Chang Y.-C.,Chang Bing Show Chwan Memorial Hospital | Chen C.-H.,Taichung Veterans General Hospital | Lin M.-C.,Taichung Veterans General Hospital
Pediatrics and Neonatology | Year: 2012

Background: The concentrations of macronutrients in human milk can be influenced by various processes, such as storage, freezing, and thawing, that are performed by lactating working mothers and breast milk banks. We evaluated the impact of various containers on the nutrient concentrations in human milk. Methods: A total of 42 breast milk samples from 18 healthy lactating mothers were collected. A baseline macronutrient concentration was determined for each sample. Then, the breast milk samples were divided and stored in nine different commercial milk containers. After freezing at -20°C for 2 days, the milk samples were thawed and analyzed again. A midinfrared human milk analyzer (HMA) was used to measure the protein, fat, and carbohydrate contents. Results: There was a significant decrease in the fat content following the storage, freezing, and thawing processes, ranging from 0.27-0.30 g/dL (p = 0.02), but no significant decrease in energy content (p = 0.069) was noted in the nine different containers. There were statistically significant increases in protein and carbohydrate concentrations in all containers (p = 0.021 and 0.001, respectively), however there were no significant differences between the containers in terms of fat, protein, carbohydrate, or energy contents. Conclusion: Human milk, when subjected to storage, freezing, and thawing processes, demonstrated a significant decrease in fat content (up to 9% reduction) in various containers. It is better for infants to receive milk directly from the mother via breastfeeding. More studies are warranted to evaluate the effects of milk storage on infant growth and development. Source

Tu C.-C.,Chang Bing Show Chwan Memorial Hospital | Hsu P.-K.,Taipei Veterans General Hospital | Hsu P.-K.,National Yang Ming University
Journal of Thoracic Disease | Year: 2016

In the era of video-assisted thoracoscopic surgery (VATS), uniportal and single incision thoracoscopic surgeries are gaining popularity. The spectrum of uniportal VATS indications is now almost equal to that of conventional VATS. For example, successful uniportal sleeve lobectomy, rib segmental resection, and management of intraoperative bleeding have all been reported. According to published data in the English-language literature, more than 9,545 uniportal VATS have been performed to date, including 1,293 lobectomies, 1,024 procedures for pneumothorax, and 6,845 sympathectomies. Of the 192 articles discussing this topic, 35 were conducted in Spain, and there were an increasing number of publications from China, Korea, and other Asian countries. There were 41 technical and review articles, all of which provided an excellent foundation of surgical concept and skill learning. The benefits of uniportal VATS include better surgical geometry and cosmetics. Regarding postoperative outcomes, thirteen out of the 15 articles reviewed showed that uniportal VATS has similar or superior outcomes to conventional VATS. Most studies demonstrated that uniportal VATS produced less postoperative pain and paresthesia. In conclusion, uniportal VATS can produce excellent operative outcome, which is becoming a mature surgical approach in thoracic disease, supported by fast-accumulating and abundant experience. © Journal of Thoracic Disease. All rights reserved. Source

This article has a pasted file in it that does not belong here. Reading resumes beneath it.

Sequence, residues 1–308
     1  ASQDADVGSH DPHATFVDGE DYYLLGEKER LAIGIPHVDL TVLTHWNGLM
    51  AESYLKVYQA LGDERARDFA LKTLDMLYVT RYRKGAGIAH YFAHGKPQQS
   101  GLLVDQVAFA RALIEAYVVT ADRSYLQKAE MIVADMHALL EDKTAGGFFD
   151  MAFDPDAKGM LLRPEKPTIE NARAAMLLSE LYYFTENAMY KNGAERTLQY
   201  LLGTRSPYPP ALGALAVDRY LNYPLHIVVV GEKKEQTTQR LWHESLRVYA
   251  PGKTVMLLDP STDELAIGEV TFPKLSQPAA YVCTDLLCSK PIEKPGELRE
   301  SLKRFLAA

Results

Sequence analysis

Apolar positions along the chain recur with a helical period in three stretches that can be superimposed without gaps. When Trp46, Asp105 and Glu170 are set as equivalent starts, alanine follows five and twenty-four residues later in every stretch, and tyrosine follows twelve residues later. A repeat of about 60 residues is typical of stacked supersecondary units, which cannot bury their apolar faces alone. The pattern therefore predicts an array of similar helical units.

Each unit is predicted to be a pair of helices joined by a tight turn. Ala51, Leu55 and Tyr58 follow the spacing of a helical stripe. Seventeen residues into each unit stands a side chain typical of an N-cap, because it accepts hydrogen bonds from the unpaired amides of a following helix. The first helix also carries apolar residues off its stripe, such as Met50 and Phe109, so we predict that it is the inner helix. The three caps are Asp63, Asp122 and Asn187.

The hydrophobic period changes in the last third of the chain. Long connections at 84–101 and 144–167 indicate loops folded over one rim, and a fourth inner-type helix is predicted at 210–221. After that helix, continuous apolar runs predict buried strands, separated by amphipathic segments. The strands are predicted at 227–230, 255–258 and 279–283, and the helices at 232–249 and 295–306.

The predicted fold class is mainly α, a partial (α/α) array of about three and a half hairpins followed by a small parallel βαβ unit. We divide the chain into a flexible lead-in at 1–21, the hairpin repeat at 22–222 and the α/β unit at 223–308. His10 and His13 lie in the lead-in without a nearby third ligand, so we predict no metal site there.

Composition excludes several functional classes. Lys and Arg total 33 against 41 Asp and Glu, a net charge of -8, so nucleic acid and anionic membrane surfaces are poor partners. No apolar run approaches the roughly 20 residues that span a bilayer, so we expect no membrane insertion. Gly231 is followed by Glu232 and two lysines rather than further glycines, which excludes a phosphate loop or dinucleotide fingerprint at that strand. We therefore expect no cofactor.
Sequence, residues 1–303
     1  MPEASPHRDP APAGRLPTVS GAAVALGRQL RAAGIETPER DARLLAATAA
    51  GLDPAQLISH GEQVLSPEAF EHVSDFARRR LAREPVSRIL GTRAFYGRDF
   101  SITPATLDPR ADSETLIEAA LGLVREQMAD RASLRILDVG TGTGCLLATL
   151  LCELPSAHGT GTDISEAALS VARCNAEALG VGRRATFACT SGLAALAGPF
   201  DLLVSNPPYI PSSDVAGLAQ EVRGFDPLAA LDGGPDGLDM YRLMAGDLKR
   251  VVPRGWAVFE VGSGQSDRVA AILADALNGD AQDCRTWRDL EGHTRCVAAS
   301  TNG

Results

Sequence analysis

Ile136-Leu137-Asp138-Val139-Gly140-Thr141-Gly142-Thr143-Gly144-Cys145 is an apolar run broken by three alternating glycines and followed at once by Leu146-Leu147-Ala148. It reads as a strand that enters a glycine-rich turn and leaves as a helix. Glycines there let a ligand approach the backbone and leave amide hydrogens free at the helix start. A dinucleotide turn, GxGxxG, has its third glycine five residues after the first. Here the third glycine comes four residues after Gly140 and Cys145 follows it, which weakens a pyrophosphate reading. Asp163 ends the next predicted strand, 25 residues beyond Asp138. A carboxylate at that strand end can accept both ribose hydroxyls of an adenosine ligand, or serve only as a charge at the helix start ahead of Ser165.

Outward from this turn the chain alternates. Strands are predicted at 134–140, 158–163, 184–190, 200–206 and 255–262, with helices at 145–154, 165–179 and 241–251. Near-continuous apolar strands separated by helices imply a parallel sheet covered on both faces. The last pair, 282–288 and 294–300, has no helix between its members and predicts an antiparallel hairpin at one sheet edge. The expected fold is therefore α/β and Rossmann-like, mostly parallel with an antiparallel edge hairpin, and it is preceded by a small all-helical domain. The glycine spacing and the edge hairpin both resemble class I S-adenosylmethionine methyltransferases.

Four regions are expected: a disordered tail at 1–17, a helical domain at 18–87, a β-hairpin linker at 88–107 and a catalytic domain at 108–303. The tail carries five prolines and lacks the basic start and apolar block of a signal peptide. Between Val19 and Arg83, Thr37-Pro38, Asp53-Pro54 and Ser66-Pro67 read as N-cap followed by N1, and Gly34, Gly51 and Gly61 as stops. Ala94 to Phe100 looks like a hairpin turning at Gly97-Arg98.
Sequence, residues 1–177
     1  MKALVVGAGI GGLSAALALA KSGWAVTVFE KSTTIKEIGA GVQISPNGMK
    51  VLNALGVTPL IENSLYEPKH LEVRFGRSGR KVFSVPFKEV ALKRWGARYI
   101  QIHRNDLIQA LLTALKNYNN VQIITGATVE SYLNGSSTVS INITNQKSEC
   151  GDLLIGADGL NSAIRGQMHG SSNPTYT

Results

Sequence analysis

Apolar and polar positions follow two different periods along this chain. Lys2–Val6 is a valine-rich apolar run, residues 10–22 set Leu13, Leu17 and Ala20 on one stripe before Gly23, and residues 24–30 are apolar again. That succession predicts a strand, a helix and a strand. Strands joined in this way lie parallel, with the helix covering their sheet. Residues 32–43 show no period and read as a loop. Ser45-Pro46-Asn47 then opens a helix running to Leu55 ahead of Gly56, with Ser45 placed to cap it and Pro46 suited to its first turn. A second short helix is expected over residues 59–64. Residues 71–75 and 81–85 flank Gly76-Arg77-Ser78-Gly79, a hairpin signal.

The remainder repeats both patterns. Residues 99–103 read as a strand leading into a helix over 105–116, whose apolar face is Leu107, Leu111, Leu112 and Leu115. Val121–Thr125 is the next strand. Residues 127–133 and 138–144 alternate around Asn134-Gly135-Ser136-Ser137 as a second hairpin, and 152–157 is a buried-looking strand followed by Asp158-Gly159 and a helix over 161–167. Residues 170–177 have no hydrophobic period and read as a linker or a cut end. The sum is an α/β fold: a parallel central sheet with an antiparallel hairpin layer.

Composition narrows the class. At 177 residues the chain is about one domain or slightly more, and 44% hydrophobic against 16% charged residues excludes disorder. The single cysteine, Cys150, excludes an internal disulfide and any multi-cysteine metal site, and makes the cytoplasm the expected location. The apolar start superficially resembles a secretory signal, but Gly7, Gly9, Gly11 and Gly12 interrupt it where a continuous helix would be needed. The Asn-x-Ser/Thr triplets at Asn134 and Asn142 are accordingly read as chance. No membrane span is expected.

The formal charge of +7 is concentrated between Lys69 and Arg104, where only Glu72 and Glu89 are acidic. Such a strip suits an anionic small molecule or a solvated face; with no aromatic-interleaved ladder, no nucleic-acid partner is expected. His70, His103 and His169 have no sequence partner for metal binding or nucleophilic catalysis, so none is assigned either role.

Hung G.-U.,Chang Bing Show Chwan Memorial Hospital
Journal of Biomedical Research | Year: 2013

Over the past decades, stress/rest myocardial perfusion SPECT (MPS) has been utilized as a standard modality for the diagnosis, risk stratification and prognostic assessment of coronary artery disease (CAD). In addition to the perfusion information, MPS can also provide functional information of the left ventricle, including volume, ejection fraction, wall motion and dyssynchrony. This article introduces the incremental value of these non-perfusion parameters as markers and prognosticators of CAD. © 2013 by the Journal of Biomedical Research. Source